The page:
ON AN EMPIRICAL PREDICTION OF HYDRODYNAMIC COEFFICIENTS FOR MODERN SHIP HULLS
TaeII Lee (Hyundai Heavy Industries Co., Ltd, Korea)
KyoungSoo Ahn (Hyundai Heavy Industries Co., Ltd, Korea)
HyoungSuk Lee (Hyundai Heavy Industries Co., Ltd, Korea)
DeukJoon Yum (Hyundai Heavy Industries Co., Ltd, Korea)
Abstract: This paper proposes empirical formulae of hydrodynamic coefficients for ship maneuvering motion equation. PMM tests for modern ship hulls including various ship types and drafts are analyzed to improve accuracy of empirical prediction for ship's maneuverability at the initial design stage. For more precise maneuvering analysis, a simple parameter representing stern hull form is newly introduced and included in the empirical formulae. To validate the proposed empirical formulae of hydrodynamic coefficients, the comparison with sea trials and PMM test results have been made. The comparison confirms that the proposed empirical formulae provide improved maneuvering predictions for modern hull forms at the initial design stage.
1. INTRODUCTION
The requirement to improve the maneuvering capability of ship has been increased among many international societies for the purpose of improving maritime safety and enhancing marine environmental protection. Recently, IMO (International Maritime Organization) has adopted the standards for ship maneuverability in MSC 76[1]. All these movements increase the need for precise prediction of ship maneuvering capability at the initial design stage.
At the initial design stage, empirical formulae for hydrodynamic coefficients based on the principal dimensions of ship have been widely used to simulate ship maneuver. This empirical prediction method using hydrodynamic coefficients is useful in accounting for the effect of principal dimension and rudder specification changes in maneuvering predictions at the initial design stage. This method also is used for drawing up wheel house poster and maneuvering booklet after sea trials.
In this study, for the development of the empirical formulae, PMM test results have been used in statistical analysis for various ship kinds of tanker, bulk carrier, product carrier, container ship and LNG carriers with stern bulb. Model test results at ballast conditions are also considered to improve accuracy of maneuverability prediction at ballast conditions and to confirm the tendency of hydrodynamic coefficients for draft variations which significantly affect on ship maneuverability. From recent research work, stern hull form is known to be a very important factor for ship maneuverability. In this respect, a simple parameter is newly introduced to represent stern hull form. For the validation of newly proposed empirical formulae of hydrodynamic coefficients, comparisons with sea trials have been made. Comparisons with PMM test results are also carried out for validation of tendency according to ship parameter variations. The comparisons confirm that proposed empirical formulae give improved maneuvering predictions for modern hull forms at the initial design stage.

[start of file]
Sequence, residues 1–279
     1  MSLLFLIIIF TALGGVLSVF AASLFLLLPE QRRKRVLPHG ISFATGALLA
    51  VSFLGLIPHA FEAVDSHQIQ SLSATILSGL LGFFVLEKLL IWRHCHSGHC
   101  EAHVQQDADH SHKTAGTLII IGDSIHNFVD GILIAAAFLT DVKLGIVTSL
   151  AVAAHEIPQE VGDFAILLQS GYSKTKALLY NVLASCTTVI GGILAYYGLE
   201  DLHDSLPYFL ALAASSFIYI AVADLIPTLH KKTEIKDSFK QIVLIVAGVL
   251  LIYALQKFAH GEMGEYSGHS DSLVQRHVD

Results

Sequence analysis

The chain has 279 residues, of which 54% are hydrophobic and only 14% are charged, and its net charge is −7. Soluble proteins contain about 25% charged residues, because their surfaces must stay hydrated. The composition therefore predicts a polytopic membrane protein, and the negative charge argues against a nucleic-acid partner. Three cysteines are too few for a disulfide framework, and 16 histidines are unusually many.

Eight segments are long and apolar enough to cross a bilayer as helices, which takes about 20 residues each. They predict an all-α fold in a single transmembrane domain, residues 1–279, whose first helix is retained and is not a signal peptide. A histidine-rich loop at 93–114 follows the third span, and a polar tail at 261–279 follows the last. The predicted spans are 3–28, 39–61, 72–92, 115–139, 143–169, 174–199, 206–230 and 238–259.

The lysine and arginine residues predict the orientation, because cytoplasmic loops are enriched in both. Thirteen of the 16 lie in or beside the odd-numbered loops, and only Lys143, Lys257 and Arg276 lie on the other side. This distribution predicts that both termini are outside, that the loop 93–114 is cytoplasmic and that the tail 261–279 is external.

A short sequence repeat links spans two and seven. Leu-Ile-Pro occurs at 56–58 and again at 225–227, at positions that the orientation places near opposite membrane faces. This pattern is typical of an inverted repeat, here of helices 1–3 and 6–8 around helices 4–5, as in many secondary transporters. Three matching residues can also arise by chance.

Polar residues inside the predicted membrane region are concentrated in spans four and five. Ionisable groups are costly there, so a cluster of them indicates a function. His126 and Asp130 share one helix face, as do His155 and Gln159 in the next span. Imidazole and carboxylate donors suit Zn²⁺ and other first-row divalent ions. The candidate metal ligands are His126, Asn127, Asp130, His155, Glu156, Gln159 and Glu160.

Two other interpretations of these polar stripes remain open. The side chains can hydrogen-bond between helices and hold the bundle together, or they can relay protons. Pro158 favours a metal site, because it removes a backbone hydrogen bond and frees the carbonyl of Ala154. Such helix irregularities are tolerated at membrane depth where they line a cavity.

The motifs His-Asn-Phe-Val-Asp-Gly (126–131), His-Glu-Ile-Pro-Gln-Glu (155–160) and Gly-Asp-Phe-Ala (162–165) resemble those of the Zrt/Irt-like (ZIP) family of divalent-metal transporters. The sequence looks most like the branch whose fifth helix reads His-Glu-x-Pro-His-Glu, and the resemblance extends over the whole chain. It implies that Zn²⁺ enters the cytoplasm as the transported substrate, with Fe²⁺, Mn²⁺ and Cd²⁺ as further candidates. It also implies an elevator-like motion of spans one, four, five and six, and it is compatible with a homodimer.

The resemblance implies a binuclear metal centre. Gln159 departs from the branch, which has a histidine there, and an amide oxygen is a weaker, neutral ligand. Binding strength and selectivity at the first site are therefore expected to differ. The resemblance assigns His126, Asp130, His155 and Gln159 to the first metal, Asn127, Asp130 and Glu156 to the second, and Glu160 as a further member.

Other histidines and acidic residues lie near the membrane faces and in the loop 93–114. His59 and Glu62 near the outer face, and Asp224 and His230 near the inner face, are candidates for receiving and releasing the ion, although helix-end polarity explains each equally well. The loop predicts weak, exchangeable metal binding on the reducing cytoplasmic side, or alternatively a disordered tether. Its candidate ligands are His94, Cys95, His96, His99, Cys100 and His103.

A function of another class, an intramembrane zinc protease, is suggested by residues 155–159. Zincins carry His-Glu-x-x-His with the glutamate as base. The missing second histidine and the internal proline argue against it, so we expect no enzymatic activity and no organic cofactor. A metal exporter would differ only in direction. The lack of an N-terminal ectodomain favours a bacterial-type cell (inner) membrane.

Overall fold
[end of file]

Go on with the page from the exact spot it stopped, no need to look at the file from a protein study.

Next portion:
2. MATHEMATICAL MODEL
The mathematical model of the ship maneuvering motion is described based on the coupled motion equations of surge, sway and yaw which enable the horizontal motions to be calculated considering coupling effects. Referring to the ship fixed coordinate system on the symmetry plane of the body shown in Fig. 1, the equations of the ship maneuvering motion can be written in the following forms[2]:
where
m',m'x,m'y: mass of ship, and added mass in x and ydirection
I'zz,J'zz: moment of inertia and added moment of inertia about zaxis.
Fig.1 Coordinate System
Subscripts H, P and R correspond to force and moment acting on the hull, propeller and rudder. Prime denotes nondimensionalized coefficients as shown in the Equation (2).
where
L:length between perpendiculars
d:mean draft
U:ship speed
p:water density
Nondimensionalized forces and moments acting on the hull are defined as follows:
X'H = X'vrv'r' + X'vvv'^{2} + X'rrr'^{2}
YH = Y'vv' + Y'rr' + Y'vvvv'^{3} + Y'rrrr'^{3} + (Y'vrrr' + Yvvrv')v'r' (3)
N'H = N'vv' + N'rr' + N'vvvv'^{3} + N'rrrr'^{3} + (N'vrrr' + N'vvrv')v'r'
Propeller thrust is defined as follows:
KT(J) = C1 + C2J + C3J^{2} (4)
J = u(1wp)/(nDp)
wp = wpoexp[4.0(βpx'pr')]
where
t:thrust deduction factor
n:propeller revolution
Dp:Propeller diameter
wp:effective wake fraction
wpo:effective wake fraction in straight running
βp:drift angle at propeller
xp:xcoordinate of propeller location
The rudder force and moment induced by the rudder execution can be defined as follows[3]:
X'R = (1tR)FNsinδ
Y'R = (1 + aH)FNcosδ
N'R = (xR + aHxH)FNcosδ (5)
αR = δ + δOr(βl'Rr')
δO = (πsO/90), sO = 1u(1wp)/nP
K = 0.6/ε
ηH = Dp/H
where
aH:ratio of hydrodynamic force induced on ship hull by rudder action to rudder force
AR:rudder area
FN:rudder normal force
fα:gradient of lift coefficient for rudder
H:rudder height
tR:coefficient for additional drag
uR:effective rudder inflow velocity
up:effective propeller inflow velocity
xH:ratio of hydrodynamic moment induced on ship hull by rudder action to rudder force
xR:xcoordinate of rudder location
αR:effective rudder inflow angle
γ:flow straightening factor
β:drift angle
δ:rudder angle
δO:neutral rudder angle
ε represents wake ratio between propeller and rudder, and γ denotes rudder straightening coefficient. The coefficient tR is defined as follows[4]:
tR = 0.28Cb + 0.55 (6)
aH, xH, ε,γ and fα can be evaluated using either the results of empirical formulae or the results of model tests. Added mass and moment can be calculated by the equations proposed by Hooft and Pieffers[5].